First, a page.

Local author pens book about surviving trauma

Former social worker has book signing slated for Monday

 

Courtney Fletcher

Local author Cheryl Reich-Bills will hold a book signing at Serenity Cafe on Monday, August 10.

Local author Cheryl Reich-Bills used her own life experiences to write a book about self-preservation and survival.

"Split" is Reich-Bills' first book in a trilogy that covers the lives of several girls' lives over a 60-year period.

Sidney has acted as a second home to Reich-Bills as her mother, Mary Ann Baack, and sister, Julie Gehrig, have lived in the community for more than 40 years.

Reich-Bills received a degree in social work from the University of Nebraska-Kearney, which helped fuel her passion for writing.

Inspired by the children she worked with as a social worker for the past 22 years, Reich-Bills' book "Split" is about self-preservation and surviving trauma.

"I have been a foster mother to dozens of teenage girls and also residential director of group homes for girls and boys," she said. "I have witnessed every type of abuse that can be inflicted upon a child. I too have survived trauma, but none of it compares to what I have seen children survive. The resiliency of children is what inspired me to write about why some survive unbelievable pain and loss."

Reich-Bills began writing as a teenager when she started keeping diaries and journals.

"My journals started before I became a reporter for newspapers in Arizona and Colorado, and when I re-read them, I am carried back in time," she said. "They help me remember times that I would have forgotten about. I guess I have always liked writing, and I have learned a lot about myself, like developing patience and persistence."

According to Reich-Bills, to be a writer you must let yourself be vulnerable, which is not a weakness but a measure of our courage.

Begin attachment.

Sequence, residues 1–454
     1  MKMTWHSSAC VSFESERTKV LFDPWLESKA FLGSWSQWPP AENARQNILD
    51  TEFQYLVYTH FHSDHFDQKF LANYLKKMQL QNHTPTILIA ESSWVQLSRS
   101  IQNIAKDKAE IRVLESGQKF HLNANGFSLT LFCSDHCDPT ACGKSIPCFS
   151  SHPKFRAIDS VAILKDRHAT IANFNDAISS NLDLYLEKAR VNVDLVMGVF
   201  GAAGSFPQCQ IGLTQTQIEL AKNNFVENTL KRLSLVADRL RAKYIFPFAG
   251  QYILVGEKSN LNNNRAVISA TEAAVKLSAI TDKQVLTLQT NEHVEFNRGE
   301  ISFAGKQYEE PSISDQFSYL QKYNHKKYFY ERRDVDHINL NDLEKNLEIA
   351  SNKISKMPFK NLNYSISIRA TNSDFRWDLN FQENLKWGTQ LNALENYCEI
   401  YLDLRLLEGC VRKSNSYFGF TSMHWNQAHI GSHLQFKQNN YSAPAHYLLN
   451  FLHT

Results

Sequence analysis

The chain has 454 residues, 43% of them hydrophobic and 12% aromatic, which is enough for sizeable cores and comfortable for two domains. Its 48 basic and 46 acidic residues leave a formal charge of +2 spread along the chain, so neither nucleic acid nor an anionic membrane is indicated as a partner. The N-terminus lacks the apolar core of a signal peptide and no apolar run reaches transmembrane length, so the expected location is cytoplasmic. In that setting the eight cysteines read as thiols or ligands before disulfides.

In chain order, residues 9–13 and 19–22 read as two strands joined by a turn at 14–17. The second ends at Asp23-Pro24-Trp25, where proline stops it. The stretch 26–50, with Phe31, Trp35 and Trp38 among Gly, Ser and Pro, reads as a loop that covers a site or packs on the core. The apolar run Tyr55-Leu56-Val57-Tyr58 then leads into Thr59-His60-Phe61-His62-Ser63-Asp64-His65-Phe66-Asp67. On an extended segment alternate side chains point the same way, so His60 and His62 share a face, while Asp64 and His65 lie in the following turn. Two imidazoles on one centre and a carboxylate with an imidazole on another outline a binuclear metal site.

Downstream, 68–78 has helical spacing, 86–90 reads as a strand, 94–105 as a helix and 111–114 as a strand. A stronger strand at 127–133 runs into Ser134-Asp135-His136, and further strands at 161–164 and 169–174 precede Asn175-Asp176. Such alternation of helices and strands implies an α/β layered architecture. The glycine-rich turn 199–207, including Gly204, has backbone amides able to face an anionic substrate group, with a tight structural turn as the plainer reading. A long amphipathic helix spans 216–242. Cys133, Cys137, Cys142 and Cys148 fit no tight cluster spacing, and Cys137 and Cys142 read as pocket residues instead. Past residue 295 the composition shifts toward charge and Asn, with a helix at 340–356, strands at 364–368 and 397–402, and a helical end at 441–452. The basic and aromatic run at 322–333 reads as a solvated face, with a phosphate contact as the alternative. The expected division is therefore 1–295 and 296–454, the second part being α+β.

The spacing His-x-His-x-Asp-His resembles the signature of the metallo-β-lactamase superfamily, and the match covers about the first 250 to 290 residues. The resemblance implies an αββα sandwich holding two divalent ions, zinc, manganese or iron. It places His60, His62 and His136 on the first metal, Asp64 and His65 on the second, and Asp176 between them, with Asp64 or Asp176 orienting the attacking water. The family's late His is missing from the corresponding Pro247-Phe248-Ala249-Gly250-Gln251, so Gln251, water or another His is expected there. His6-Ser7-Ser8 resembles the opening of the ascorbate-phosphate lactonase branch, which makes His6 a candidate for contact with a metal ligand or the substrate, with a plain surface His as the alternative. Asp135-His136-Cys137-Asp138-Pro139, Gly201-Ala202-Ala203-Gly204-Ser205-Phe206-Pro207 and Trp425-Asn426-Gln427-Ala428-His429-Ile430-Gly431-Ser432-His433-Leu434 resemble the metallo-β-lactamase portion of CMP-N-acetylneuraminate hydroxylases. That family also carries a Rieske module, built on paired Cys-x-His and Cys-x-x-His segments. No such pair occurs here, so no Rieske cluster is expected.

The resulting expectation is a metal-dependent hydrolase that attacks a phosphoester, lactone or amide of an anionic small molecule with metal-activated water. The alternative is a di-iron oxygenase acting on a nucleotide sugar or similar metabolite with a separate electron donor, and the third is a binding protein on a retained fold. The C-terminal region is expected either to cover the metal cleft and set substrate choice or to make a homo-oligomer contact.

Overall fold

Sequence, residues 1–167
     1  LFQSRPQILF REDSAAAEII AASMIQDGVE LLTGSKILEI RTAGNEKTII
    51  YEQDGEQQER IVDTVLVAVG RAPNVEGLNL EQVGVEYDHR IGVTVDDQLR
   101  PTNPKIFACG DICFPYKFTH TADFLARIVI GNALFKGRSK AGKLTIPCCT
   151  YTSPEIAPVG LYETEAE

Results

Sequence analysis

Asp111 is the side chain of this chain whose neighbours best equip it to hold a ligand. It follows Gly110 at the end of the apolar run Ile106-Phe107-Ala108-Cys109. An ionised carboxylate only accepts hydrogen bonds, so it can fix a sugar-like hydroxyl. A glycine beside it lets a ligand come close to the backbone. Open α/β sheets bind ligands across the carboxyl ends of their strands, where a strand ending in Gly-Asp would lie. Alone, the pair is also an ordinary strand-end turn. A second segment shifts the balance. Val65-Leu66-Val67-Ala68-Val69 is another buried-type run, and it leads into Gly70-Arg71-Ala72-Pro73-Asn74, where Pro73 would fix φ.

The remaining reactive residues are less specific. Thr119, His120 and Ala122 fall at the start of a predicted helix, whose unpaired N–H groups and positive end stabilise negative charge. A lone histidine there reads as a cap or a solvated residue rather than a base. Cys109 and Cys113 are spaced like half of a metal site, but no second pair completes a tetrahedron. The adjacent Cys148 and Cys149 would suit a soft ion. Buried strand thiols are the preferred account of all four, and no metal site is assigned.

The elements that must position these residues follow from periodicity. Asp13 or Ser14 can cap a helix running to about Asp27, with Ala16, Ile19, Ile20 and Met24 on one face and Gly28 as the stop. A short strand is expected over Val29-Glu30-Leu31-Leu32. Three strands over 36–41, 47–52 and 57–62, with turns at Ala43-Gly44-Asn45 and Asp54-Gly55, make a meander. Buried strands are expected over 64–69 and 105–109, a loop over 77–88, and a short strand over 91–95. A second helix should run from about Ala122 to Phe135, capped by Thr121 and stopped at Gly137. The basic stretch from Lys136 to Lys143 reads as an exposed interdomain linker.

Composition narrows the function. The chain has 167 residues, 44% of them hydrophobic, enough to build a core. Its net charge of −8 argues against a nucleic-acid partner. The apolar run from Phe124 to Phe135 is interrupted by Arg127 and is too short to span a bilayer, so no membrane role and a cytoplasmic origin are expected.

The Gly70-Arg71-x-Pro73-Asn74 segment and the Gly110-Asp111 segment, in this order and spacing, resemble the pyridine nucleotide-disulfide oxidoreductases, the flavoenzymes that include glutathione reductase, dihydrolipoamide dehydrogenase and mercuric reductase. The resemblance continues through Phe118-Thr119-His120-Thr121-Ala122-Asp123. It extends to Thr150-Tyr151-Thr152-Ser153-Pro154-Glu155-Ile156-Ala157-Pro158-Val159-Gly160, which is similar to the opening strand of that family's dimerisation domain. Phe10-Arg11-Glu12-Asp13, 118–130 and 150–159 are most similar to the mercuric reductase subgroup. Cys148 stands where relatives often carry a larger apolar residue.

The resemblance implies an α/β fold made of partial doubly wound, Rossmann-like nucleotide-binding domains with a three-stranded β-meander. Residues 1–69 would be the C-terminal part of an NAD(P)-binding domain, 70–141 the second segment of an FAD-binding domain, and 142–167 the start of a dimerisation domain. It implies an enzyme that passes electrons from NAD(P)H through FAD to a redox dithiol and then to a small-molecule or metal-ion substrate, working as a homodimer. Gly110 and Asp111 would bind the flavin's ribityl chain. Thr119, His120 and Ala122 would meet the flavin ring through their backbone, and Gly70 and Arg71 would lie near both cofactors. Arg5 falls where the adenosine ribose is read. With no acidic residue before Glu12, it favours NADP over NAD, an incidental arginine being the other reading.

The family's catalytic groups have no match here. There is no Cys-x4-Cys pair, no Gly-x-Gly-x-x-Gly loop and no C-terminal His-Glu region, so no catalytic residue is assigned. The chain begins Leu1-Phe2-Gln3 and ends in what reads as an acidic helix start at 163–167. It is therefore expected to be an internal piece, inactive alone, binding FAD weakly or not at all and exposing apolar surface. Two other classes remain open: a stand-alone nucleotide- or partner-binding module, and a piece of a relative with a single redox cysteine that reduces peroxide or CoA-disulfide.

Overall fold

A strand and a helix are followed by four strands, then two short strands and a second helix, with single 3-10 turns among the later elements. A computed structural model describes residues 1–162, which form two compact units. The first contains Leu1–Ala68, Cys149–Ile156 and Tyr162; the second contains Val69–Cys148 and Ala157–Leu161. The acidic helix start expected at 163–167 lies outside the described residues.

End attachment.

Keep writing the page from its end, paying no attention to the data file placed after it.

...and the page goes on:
"I spent years being afraid to share my writing," she added. "My journals contained good writing, but no one ever read them. Now I have hope that my stories will connect with readers because I've taken that scary, emotional risk of being vulnerable."

She hopes that readers will find pieces of themselves in "Split," or share the book with someone who has survived any type of trauma.

"All survivors have much in common, and we can all learn self-preservation by sharing stories," she said. "If 'Split' helps anyone who is struggling to survive, then I will have accomplished what I have come to call "my calling."

"'Split' is dedicated to "mothers and daughters everywhere with hope that all will find the keys to unlock the mysteries of your one and only life. If you finally find those keys, you will become more real. One of the mysteries of life is that relationship you have with your mother. There is no other one that you will ever have that is as lasting as the one you have with your mother."

Reich-Bills will be holding a book signing Monday, Aug. 10 from 10 a.m. to noon at Serenity Cafe in Sidney. She will also be hosting an author discussion at the Sidney Public Library on Aug. 29 at 1 p.m.

 

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